Showing posts from 2020

Screen Tests / Undying

This review was first published in the Fall 2019 issue of Rain Taxi Review of Books . Anne Boyer's The Undying  went on to win a Pulitzer Prize for General Nonfiction. (I have kept the page references in my text that are provided for the Rain Taxi copyeditors, but which are cut from the printed version.)  This review in many ways intersects with my later essays  on Zambreno's  Drifts and  Jeff VanderMeer's Dead Astronauts , parts of something I've been thinking of as "the asterisks project". What will come of it, I don't know, but it is ongoing, in fits and starts (more fits than starts these days, but c'est la vie). Screen Tests Kate Zambreno Harper Perennial ($16.99) The Undying Anne Boyer Farrar, Straus and Giroux ($26.00) reviewed by Matthew Cheney In Screen Tests , a collection of prose pieces, Kate Zambreno says that she writes to “announce to myself, as well as to the drifts of former intimates that amass into one giant coronary heartbreak, t

A Decade of Films

Recently, I was curious what my top films of the 2010s were. It's not something I have an encyclopedic memory for, but, luckily, I've used Letterboxd for a few years now to keep track of some of my movie viewing. Letterboxd has a decade filter, so you can now see all the films you've logged that were released in the 2010s. Mine is a likely incomplete list, as I've use Letterboxd somewhat haphazardly, but it's better than memory.  I thought, for a diversion from the general apocalypse we're living through, that I would look at my top-rated movies and see what I think of them now. I'll list those films here, with a few comments and links to further reviews if I've written of them. This is purely a list of personal favorites — while I do think some of these are cinematic masterpieces, some are surely not, but I love them nonetheless. Lots of movies I liked aren't on this list, too, as this is a list of the ones that either blew me away on a first watc

Artificial Jungles

The Museum of Wax  by Charles Ludlam The overall effect is one of denseness and kitsch exoticism. It is clear that these people are creatures of fantasy. —Charles Ludlam, stage directions for The Artificial Jungle 1. For a few weeks now, I have been bothered by the question of why so much American short fiction is, in comparison to poetry and theatre, unadventurous. I got to thinking about this while watching lots of YouTube videos of Taylor Mac . Why, said I to meself, is little to no American short fiction as interesting and provocative and pleasurable as a performance by Taylor Mac? This is unfair, of course: very little of anything is as interesting, provocative, and pleasurable as a performance by Taylor Mac. But still. I wonder. I began to bother a friend, whom I will call Richard, because that's his name. "Richard!" I screamed out to the sky (he lives a ways away, and so I must scream to the sky if he is to hear me), "Why is there little to no American short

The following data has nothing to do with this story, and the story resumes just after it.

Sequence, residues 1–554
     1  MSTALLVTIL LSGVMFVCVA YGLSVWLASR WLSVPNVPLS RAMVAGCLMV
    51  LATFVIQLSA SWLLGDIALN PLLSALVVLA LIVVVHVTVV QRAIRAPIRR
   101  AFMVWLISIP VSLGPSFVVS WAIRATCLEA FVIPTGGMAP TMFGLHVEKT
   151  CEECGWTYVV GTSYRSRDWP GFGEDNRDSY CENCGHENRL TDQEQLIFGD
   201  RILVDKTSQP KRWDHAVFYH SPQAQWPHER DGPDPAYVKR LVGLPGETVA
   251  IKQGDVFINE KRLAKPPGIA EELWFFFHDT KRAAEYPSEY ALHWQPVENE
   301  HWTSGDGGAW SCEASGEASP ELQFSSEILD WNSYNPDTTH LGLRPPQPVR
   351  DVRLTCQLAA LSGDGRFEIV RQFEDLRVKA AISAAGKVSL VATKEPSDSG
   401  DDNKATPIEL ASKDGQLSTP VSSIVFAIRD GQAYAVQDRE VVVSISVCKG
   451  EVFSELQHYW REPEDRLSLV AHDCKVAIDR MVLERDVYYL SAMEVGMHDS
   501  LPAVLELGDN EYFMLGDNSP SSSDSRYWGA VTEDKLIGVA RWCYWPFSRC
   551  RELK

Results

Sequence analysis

Asterisks for Dead Astronauts

At my author website, I've published an essay titled "Asterisks for Dead Astronauts". It is an exploration of reading, grief, poetry, the end of the world. It began as an essay about Jeff VanderMeer's recent novel Dead Astronauts and then ... sprawled. The essay has a lot in common with my recent post here on Kate Zambreno's Drifts , and, indeed, the post was deliberately meant as a kind of companion piece. (It doesn't matter the order you read them in, but I do think they benefit from each other.) I'm slowly working toward a new book project called Asterisks . I don't know that the form, shared between the two pieces, will hold for a book-length work, but the general concerns are ones I'm continuing to explore, and the style feels right, and adaptable. I wrote "Asterisks for Dead Astronauts" last fall, and it has gathered rejections from publishers since December. I'm tired of sending it out, and can't think of another publisher


* Kate Zambreno's new book, Drifts: A Novel , was written before the novel coronavirus upended the world and forced us all into more limited lives. But it is a book that feels of this time. Not of this time in subject matter, though its questions about how we make meaning and art and life are certainly heightened now. Rather, the book feels of this time in its structure, in its commitment to shards and fragments.  (Now, as a Nobel laureate once said, everything is broken .) Zambreno has made something of a career of fragmentation. A glance at her books might suggest monotonous similarity, all those unindented paragraphs separated by blank space. There are similarities, too, across the characters and voices. But each book is quite distinct. Each has a different focus, and they often have a different emotional core, a different sense of the problems or questions that inspired them. Like Jean Rhys, a writer clearly important to her, Zambreno writes books that often feel diaristic, mem